Neurofeedback treatments for attention-deficit/hyperactivity disorder (ADHD) demonstrate medium to large effect sizes and remission rates between 32% and 47%, according to a study published online in the journal Applied Psychophysiology and Biofeedback.
“[S]tandard neurofeedback protocols in the treatment of ADHD can be concluded to be a well-established treatment, or ‘efficacious and specific’ in line with the American Psychological Association guidelines,” researchers wrote.
The quantitative review employed a stricter version of American Psychological Association guidelines for rating “well-established” treatments. In addition to addressing treatment efficacy and effectiveness/clinical utility, the study included only recent systematic reviews and meta-analyses with more than 2 independent randomized controlled trials and factored in effect sizes and remission rates.
Standard neurofeedback protocols offered significant efficacy for parent- and teacher-rated symptoms in a pair of meta-analyses, according to the study. The effect size was medium, and effects were sustained after 6 to 12 months.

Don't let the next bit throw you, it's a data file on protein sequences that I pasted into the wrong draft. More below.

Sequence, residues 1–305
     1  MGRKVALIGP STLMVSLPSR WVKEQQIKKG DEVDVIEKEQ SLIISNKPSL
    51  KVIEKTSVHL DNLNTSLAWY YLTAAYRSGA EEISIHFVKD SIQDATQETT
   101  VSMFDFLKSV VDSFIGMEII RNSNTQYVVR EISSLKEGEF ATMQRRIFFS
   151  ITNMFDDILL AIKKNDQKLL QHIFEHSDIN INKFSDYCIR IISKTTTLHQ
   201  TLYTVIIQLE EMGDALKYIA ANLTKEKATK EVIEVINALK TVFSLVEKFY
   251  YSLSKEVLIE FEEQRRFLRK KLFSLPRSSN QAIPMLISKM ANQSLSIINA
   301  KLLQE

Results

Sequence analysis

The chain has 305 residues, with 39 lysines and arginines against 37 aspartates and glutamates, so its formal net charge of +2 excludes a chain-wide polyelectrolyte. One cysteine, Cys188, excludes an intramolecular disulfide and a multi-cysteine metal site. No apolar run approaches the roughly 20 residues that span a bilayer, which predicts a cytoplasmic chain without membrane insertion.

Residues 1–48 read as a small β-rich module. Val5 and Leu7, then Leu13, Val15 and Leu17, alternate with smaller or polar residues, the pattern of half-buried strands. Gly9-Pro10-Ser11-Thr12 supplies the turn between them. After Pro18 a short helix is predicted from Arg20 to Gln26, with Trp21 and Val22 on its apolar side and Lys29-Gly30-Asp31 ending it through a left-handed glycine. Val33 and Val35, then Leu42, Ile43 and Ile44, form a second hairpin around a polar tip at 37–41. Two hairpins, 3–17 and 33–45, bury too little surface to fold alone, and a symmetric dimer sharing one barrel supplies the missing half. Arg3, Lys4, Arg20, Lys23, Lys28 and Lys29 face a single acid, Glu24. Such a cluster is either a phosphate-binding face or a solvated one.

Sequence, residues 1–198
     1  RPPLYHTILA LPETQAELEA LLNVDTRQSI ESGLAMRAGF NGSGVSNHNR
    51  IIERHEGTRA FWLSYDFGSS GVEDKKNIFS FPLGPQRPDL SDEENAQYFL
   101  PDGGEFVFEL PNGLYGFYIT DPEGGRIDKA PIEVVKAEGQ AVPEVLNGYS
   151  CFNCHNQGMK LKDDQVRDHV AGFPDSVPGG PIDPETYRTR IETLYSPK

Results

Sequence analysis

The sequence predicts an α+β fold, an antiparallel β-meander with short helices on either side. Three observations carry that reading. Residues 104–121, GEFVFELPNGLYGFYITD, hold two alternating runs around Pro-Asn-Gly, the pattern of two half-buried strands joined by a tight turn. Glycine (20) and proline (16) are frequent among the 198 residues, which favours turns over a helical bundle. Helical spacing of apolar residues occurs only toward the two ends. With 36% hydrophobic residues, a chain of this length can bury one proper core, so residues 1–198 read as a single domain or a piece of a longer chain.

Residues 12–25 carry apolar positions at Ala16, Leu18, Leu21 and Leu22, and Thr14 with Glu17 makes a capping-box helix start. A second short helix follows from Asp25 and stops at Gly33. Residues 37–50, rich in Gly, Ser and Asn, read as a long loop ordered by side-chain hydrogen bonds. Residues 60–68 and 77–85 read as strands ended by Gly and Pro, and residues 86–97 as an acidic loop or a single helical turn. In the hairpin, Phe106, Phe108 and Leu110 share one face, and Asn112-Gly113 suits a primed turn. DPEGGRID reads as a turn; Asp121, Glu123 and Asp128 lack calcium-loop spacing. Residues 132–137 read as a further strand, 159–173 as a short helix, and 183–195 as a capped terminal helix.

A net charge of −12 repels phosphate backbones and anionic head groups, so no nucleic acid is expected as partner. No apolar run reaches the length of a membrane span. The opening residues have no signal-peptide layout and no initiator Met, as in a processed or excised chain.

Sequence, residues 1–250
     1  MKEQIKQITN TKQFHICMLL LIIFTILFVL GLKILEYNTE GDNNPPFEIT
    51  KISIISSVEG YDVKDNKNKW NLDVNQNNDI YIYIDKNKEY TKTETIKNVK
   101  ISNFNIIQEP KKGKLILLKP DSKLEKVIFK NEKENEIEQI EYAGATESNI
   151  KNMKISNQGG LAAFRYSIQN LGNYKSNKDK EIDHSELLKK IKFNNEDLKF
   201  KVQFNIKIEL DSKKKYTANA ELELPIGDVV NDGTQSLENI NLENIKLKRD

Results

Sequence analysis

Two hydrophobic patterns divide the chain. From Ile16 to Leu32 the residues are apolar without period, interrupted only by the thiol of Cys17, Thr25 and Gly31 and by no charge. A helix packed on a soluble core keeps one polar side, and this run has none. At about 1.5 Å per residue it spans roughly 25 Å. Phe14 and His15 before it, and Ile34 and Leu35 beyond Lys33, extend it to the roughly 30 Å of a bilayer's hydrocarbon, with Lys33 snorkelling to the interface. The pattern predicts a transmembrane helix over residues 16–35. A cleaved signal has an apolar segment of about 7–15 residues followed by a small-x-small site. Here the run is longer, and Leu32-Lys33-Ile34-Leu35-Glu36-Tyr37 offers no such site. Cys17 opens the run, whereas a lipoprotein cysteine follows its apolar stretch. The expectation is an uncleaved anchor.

Meanwhile, 4 multicenter randomized controlled trials found significant superiority for standard neurofeedback protocols, relative to semi-active control groups, at post-treatment or at follow-up. Effect sizes were medium to large, and remission rates ranged from 32% to 47%.
Three open-label studies confirmed effectiveness, researchers reported, and no signs of publication bias were found. Furthermore, no studies reported any significant side effects of standard neurofeedback treatment.
Researchers emphasized their findings are generalizable to standard neurofeedback protocols only.
“Some clinical practices use ‘unconventional neurofeedback protocols’… However, a recent systematic review in this journal failed to find sufficient evidence for these non-standard approaches,” they wrote.
“Therefore, it is important that the clinical application of neurofeedback in clinics also more closely follows these recommendations, and that neurofeedback organizations more formally recommend and educate this more strictly.”
Arns M, Clark CR, Trullinger M, deBeus R, Mack M, Aniftos M. Neurofeedback and attention-deficit/hyperactivity-disorder (ADHD) in children: rating the evidence and proposed guidelines. Applied Psychophysiology and Biofeedback. 2020 March 23;[Epub ahead of print].